US Building of the Week
13. 三月 2023
Photo: Ty Cole
Jurisdictions across the United States are updating their zoning codes to allow more residential density, much of it in the form of ADUs. In Washington, DC, a recent rezoning now allows single-family houses on alley lots. One such alley, Adelaide Alley, is home to a bark- and cork-clad two-story house, Poplar Grove, that the architects at BLDUS contend is “one of DC’s healthiest houses.”
Location: Washington, DC, USA
- Design Principal: Jack Becker
- Project Architect: Andrew Linn
- Project Team: Adam Ainslie
MEP/FP Engineer: KK Engineering
Landscape Architect: BLDUS
Interior/Lighting Designer: BLDUS
Construction Management: Charlie Sleichter, Ruben Lopez
Site Area: 1,900 sf
Building Area: 2,600 sf
Photo: Ty ColeWhat were the circumstances of receiving the commission for this project?
Looking for a chance to build anew in Washington, DC, the architect-owner and their family decided to begin an adventure navigating DC’s brand new alley zoning and building regulations. Showcasing innovative natural materials while providing privacy and air to its inhabitants, Poplar Grove aims to be as considerate to its neighbors as it is to its residents. Formerly an unnamed lot filled with abandoned cars, litter, and weeds, Adelaide Alley is now home to one of DC’s healthiest houses.
Photo: Ty ColePlease provide an overview of the project.
Poplar Grove is proof of the possibilities that exist within the economic and regulatory frameworks in Washington, DC’s alleys — affordable, easily sourced, and often local materials being combined to create new types of residential spaces on overlooked, underutilized, and available land. Poplar posts mark the inside corners of a nine-square grid, the center of which contains nine skylights; the resulting house has four bedrooms and three-and-a-half bathrooms totaling just under 2,600 square feet. Clad in bark, cork, and sassafras wood, the houses is an aesthetic bridge between the alley’s fences and trees.
Photo: Ty ColeWhat are the main ideas and inspirations influencing the design of the building?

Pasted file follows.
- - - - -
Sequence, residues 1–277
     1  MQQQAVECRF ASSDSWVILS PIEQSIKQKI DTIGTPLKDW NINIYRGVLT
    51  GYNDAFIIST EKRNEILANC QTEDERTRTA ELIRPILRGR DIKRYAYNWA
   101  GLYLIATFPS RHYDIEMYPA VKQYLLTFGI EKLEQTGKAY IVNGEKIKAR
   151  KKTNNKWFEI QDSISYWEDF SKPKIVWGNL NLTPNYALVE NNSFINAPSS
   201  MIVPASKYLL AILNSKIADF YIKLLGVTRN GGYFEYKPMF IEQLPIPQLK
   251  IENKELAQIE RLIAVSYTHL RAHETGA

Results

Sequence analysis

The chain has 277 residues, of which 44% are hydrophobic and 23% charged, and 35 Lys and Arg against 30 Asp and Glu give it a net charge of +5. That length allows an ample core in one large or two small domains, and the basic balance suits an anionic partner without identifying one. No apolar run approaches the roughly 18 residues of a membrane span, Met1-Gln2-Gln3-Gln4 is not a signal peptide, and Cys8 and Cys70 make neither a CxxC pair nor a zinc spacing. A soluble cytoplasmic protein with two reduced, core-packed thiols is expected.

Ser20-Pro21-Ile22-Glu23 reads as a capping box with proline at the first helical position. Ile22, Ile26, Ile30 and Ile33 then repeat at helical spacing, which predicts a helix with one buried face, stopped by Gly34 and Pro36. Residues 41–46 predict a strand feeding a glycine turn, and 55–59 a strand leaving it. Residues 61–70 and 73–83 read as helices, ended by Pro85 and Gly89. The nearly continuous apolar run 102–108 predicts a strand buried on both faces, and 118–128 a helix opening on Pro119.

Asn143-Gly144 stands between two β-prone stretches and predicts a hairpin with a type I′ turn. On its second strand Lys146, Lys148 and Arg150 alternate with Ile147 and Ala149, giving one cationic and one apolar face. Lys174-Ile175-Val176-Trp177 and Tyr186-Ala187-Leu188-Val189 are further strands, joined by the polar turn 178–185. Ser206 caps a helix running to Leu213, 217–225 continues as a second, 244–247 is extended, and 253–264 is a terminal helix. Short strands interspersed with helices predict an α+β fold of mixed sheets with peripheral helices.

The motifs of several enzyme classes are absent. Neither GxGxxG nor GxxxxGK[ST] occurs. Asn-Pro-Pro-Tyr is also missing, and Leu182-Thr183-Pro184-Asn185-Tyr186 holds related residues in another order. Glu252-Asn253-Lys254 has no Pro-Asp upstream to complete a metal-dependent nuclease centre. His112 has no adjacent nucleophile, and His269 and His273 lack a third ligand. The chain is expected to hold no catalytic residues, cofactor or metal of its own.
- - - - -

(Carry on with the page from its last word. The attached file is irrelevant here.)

Poplar Grove is an all-natural alley dwelling in the Capitol Hill neighborhood of Washington, DC that draws inspiration from the materiality of indigenous structures, the spatial organization of a Roman domus, and the complex history of DC’s wooden alley structures. In Roman homes, the impluvium gathered rainwater for the house; here, this atrium collects the most important natural resource of the house: light. The atrium’s light falls through the central stairs and the double-height living space, and is filtered down into the adjacent kitchen and library. Above the living space, a net is a play place for kids or a comfortable spot to read in the afternoon sun without blocking the light. Its texture, which matches the enclosure of the stairs, dapples the space in soft shadows. Shadows envelop the dark milk paint- and cork-covered primary bedroom suite of the house and its cave-like coziness.
Photo: Ty ColeWas the project influenced by any trends in energy-conservation, construction, or design?
Our commitment to natural materials and appreciation of craft are at odds with the local building industry. In response, we often end up developing and managing the construction of the architecture that we design. With these responsibilities come different types of risk and stress, but also new potentials. In order to feel comfortable using local natural materials, we visit their points of origin in the ground. Only after seeing the growth and manufacturing processes, and meeting the people that supply the materials, do we feel confident using them in our buildings. The core of this healthy kit of parts is BamCore, a bamboo-based panelized structural system that eliminates the need for studs in exterior envelopes, resulting in continuous insulation cavities that are here filled with sheep’s wool due to its ability to expand over time and wick away moisture. In addition, bark and cork are great natural claddings.
Photo: Ty ColeWhat products or materials have contributed to the success of the completed building?
Materials handle the tasks they are best suited for. Tulip poplar bark covers a layer of cork attached to a hollow-wall bamboo panel system stuffed with sheep’s wool. Black locust eaves extend far beyond the facade to prevent uneven weathering of the cladding and a tall wooden sassafras wood fence acts like a palisade to enclose outdoor space and function as cladding. A screened timber porch and balcony provide outdoor reprieves, long rain chains terminate in Tennessee pink marble pavers reclaimed from the Air and Space Museum’s $1b renovation project, and guardrails make use of the scrappy mulberry that previously inhabited the site. LED lights are tucked away in the eaves and are woven through the triple 2x interior beams, providing ample indirect dimmable lighting inside and out. The whole house is heated and cooled by only two minisplits and a central ERV fresh air system.
Email interview conducted by John Hill.